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I am prepared for what’s coming in a way that I wasn’t able to be with either of my parents, and for that I am grateful. I am grateful for all of the time I’ve been able to spend with him. But after fifteen days, there is little for me to do but wait.

Twenty-four-hour care is in place; contingency plans have been made. And the look Grandpa now sees reflected back in my eyes is one of someone who’s watching his every move, searching his face for signs of what’s to come. I can’t do this any longer. I can no longer sit around this rain-soaked place – beautiful as it is – waiting for my 89-year-old Grandfather to die.

I feel selfish for craving a way out, for craving warmth and palm trees and cheap, delicious Mexican food, and a hike in the hills and the sight of the Pacific and a desperately needed session with my therapist, but I do. I crave all of these things. I even crave the to-do list that awaits me upon my return, because it represents routine, and the opportunity to pretend, for a little while, that everything is normal.

So back I will go, for now. My return to the beach is already booked, but every ticket is refundable, every plan changeable. This type of freedom, it turns out, is expensive. But it’s the price you pay when you’re in limbo. When you’re left with nothing to do but wait.

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Three years.

I’m perched on a paint-splattered stool, located downstage right, in a darkened forty-seat theatre. We’re well into the second act of Barenaked Angels, a show that’s a sort of hybrid between solo performance and an ensemble piece (I wrote about it here). My fellow cast mate Phil is standing on the opposite side of the stage, recounting a story about his niece Sam, a young girl who died after a battle with Mitochondrial disease. Sam had an affinity for butterflies and ladybugs, and in this particular story, Phil tells the audience that on the day of his first big acting job, a ladybug appeared next to him on set during the filming of his scene. The ladybug remained in the same spot for several takes, and Phil was convinced that the ladybug was in fact Sam, turning up in the form of the creature she loved, to let him know that she was all right.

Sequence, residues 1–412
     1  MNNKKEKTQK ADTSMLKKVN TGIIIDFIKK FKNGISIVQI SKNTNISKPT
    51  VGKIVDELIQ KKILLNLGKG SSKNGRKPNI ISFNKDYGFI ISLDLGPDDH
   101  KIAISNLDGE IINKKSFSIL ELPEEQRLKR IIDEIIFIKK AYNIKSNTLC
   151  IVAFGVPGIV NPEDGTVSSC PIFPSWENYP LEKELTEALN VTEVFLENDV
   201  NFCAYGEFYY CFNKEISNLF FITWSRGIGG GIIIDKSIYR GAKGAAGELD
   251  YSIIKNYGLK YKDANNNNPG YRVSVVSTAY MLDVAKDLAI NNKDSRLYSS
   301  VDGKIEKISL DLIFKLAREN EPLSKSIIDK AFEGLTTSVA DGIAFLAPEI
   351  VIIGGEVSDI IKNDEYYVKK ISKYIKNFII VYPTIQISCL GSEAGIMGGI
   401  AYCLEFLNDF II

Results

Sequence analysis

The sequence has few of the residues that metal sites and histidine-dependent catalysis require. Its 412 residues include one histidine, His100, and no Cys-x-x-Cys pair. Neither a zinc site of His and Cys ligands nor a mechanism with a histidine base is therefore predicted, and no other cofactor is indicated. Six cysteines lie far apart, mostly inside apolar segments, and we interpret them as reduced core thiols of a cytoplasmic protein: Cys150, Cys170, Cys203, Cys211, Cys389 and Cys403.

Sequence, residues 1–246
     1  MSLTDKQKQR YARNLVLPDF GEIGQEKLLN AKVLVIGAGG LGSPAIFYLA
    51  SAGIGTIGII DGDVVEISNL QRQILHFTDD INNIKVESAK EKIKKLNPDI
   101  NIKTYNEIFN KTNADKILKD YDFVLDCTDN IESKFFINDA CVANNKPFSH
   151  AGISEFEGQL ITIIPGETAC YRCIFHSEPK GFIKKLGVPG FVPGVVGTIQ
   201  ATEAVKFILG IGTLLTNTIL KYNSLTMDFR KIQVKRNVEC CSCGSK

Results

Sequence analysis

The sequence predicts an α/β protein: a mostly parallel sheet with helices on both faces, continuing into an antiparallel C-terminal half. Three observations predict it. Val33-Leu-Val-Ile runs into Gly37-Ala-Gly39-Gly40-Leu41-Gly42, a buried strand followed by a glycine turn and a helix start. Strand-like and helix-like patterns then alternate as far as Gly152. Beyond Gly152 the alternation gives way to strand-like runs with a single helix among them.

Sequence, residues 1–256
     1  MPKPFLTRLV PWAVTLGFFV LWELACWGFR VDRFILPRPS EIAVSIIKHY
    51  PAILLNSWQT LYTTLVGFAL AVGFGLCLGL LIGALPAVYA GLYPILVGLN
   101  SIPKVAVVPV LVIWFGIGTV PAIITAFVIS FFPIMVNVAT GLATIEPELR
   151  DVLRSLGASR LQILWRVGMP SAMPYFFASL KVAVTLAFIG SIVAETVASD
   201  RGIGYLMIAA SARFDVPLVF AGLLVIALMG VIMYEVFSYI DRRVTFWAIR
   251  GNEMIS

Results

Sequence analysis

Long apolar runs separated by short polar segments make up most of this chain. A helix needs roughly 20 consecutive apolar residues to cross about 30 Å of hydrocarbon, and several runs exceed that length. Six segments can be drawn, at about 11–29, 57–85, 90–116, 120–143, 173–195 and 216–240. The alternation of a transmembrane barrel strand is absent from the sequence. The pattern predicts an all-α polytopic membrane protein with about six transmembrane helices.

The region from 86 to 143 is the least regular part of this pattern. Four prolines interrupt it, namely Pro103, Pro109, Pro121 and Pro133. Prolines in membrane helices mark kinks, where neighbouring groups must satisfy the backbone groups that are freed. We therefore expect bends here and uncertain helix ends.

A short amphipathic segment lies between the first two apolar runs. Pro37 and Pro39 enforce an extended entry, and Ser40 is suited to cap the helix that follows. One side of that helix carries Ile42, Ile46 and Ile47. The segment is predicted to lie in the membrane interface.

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This is not the first time I’ve heard the story of the ladybug, but during this particular performance, something is different. As I sit on my stool, listening, I’m transported back to an evening in late September: the night that followed the long day during which we eulogized my mother. After most of the guests had gone home, I sat on the deck of my grandparents’ beach cabin, staring out at the sea. The sunset was slowly shifting into twilight, and a huge full moon hung high in the pink and purple-streaked sky, casting a rosy glow over Case Inlet, which was so flat that it seemed a great mirror, reflecting the heavens back onto themselves. As I sat there, the silence so loud it was nearly reverberating, warmth filled my core and spread outward, tickling the tiny hairs on my arms. Stillness enveloped me like a blanket and the moon and the sea and sky seemed to be speaking directly to me, whispering words of calm and comfort, telling me that my mother was at peace, and that everything would be OK.